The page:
One glaring problem that faced the Bolsheviks upon seizing power was the absence of their vaunted class subject. The party had led a successful revolution in the name of the industrial worker, but once the dust settled after the civil war, reality exposed the proclaimed “dictatorship of the proletariat” to be little more than an empty slogan for propagandists. The proletariat was a historico-philosophical no-show. Its truancy had a number of reasons, both factual and theoretical. First, while proletarians had always been something of a rarity in the largely agrarian economy of imperial Russia, the industrial working class became even scarcer after the civil war had decimated the manufacturing capacity of Russia and ruralized the country once again. When the Bolsheviks finally took control, Russia's industrial output had fallen to thirty percent of prewar levels. Historians have consequently described the Bolsheviks as a “superstructure in need of a base”2 and a “vanguard of a nonexistent class.”3 Add to this, second, the fact that the physiognomy of the working class was changing in the 1920s as the forces of production shifted away from the methods of heavy manufacture typical of the second industrial revolution toward newer, automated technologies that relied less on physical exertion than on the scientific knowledge of engineers and managers. At least until Stalin's spectacular revival of older, “classical” forms of industry at the end of the decade—a return that seemed to be motivated less by economic exigency than by retrograde iconography—blast furnaces and factory workbenches were being replaced by telematic machinery and bureaucratic control centers. Third, according to revolutionary theory, in the phase of the transition to communism the proletariat was not even a class, strictly speaking, but the social force that abolishes class identity as such in order to establish for the first time in world history the conditions for a truly universal subject.4 The revolutionary class is, necessarily, the last class. Party philosophers could provide no substantialist definition of this “free dynamei (power, force),” as Marx called the proletariat, since this non-class had no concrete features of its own but was instead understood as an energy that dissolved the existing socioeconomic order.5 Paradoxically, then, the very success of the revolution “causes the concept of the proletariat to ‘disappear.’”6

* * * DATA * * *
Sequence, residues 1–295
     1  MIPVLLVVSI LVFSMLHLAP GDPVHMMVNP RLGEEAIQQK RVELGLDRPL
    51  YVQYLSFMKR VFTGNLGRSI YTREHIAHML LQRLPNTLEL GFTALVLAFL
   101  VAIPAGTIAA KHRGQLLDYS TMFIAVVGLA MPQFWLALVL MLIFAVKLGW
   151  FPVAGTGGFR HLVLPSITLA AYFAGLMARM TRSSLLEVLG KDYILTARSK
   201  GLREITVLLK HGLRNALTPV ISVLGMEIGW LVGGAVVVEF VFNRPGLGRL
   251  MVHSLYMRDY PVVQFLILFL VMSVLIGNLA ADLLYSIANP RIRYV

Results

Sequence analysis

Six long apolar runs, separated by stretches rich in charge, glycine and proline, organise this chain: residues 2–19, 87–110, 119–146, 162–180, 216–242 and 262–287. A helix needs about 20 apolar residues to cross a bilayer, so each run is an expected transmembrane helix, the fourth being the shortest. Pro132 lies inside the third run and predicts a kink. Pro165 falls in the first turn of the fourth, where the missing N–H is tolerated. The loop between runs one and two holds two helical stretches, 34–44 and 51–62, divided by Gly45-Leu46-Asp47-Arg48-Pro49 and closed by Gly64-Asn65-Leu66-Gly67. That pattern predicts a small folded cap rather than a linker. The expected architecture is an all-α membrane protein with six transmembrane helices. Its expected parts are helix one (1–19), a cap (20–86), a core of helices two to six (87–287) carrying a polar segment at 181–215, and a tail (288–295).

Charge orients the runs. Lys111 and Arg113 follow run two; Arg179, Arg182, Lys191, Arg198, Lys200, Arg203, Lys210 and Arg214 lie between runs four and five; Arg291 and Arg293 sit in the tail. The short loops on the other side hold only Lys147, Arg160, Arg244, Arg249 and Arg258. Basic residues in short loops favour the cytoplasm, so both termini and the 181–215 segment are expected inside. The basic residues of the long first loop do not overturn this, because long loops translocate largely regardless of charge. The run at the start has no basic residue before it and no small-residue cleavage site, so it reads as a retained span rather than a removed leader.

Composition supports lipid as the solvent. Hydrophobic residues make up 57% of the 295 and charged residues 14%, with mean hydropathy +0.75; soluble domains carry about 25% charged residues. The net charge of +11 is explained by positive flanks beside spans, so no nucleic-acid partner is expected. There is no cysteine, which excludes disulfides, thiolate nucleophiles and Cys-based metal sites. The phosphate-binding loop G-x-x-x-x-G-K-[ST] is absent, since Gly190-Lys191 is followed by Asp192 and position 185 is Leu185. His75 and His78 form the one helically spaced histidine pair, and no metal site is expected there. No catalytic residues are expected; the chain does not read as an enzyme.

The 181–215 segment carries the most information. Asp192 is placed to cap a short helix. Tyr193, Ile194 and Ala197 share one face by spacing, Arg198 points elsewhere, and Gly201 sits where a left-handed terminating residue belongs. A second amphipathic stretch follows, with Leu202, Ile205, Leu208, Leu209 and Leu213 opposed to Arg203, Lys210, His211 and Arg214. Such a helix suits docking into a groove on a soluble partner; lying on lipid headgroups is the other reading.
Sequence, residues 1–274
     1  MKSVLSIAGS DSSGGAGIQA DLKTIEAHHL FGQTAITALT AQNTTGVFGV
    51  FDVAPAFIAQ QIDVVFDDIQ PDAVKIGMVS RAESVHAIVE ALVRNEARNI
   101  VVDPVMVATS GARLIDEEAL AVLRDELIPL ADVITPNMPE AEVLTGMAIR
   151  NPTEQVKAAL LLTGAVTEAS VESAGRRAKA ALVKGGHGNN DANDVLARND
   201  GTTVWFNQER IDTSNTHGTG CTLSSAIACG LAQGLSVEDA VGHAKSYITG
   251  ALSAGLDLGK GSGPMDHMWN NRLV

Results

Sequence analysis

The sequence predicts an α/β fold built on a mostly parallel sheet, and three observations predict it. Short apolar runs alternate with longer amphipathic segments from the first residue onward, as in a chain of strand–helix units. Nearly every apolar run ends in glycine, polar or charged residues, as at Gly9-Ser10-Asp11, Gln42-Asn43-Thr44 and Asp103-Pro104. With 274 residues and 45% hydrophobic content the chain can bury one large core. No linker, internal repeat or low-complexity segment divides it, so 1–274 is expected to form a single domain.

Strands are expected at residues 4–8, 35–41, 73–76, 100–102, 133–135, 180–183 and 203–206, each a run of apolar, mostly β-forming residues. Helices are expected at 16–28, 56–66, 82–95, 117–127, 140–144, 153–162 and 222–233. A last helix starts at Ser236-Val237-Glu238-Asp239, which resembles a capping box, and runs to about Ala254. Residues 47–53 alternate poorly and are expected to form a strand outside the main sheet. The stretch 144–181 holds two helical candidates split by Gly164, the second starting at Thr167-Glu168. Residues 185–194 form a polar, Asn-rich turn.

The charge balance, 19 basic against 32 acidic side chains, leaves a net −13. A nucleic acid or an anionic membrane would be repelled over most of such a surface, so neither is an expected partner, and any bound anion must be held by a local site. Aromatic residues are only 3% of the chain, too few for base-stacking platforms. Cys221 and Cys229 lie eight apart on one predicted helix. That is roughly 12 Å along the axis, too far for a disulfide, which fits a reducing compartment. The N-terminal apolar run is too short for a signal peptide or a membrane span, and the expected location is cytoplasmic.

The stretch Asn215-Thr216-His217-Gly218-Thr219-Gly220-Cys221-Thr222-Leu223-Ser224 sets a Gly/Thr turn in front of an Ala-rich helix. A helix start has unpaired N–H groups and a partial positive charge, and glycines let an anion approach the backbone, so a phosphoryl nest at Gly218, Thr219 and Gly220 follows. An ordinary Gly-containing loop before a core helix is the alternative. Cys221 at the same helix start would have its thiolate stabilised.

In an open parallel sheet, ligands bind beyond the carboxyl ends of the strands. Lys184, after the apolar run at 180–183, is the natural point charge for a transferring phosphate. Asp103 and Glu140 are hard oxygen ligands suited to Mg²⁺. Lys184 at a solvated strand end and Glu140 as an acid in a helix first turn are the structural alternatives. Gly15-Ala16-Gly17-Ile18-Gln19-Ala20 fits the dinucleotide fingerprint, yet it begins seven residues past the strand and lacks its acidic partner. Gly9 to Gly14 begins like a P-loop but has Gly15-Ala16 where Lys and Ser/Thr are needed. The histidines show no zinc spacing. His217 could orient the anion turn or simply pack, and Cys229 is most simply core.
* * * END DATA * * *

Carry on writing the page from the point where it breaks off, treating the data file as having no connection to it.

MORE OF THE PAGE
This content is only available as a PDF.
You do not currently have access to this content.